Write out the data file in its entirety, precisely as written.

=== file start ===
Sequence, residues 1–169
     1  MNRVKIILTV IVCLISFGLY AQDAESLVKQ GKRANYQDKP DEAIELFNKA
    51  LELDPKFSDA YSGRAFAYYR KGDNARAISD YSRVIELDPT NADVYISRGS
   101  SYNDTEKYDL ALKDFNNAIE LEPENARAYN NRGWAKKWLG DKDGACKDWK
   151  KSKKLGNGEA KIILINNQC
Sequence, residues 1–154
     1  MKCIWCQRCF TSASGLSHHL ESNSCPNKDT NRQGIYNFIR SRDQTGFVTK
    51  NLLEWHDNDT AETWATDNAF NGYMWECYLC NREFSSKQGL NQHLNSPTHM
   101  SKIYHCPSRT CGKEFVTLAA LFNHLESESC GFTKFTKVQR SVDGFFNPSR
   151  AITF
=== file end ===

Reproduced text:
Sequence, residues 1–169
     1  MNRVKIILTV IVCLISFGLY AQDAESLVKQ GKRANYQDKP DEAIELFNKA
    51  LELDPKFSDA YSGRAFAYYR KGDNARAISD YSRVIELDPT NADVYISRGS
   101  SYNDTEKYDL ALKDFNNAIE LEPENARAYN NRGWAKKWLG DKDGACKDWK
   151  KSKKLGNGEA KIILINNQC
Sequence, residues 1–154
     1  MKCIWCQRCF TSASGLSHHL ESNSCPNKDT NRQGIYNFIR SRDQTGFVTK
    51  NLLEWHDNDT AETWATDNAF NGYMWECYLC NREFSSKQGL NQHLNSPTHM
   101  SKIYHCPSRT CGKEFVTLAA LFNHLESESC GFTKFTKVQR SVDGFFNPSR
   151  AITF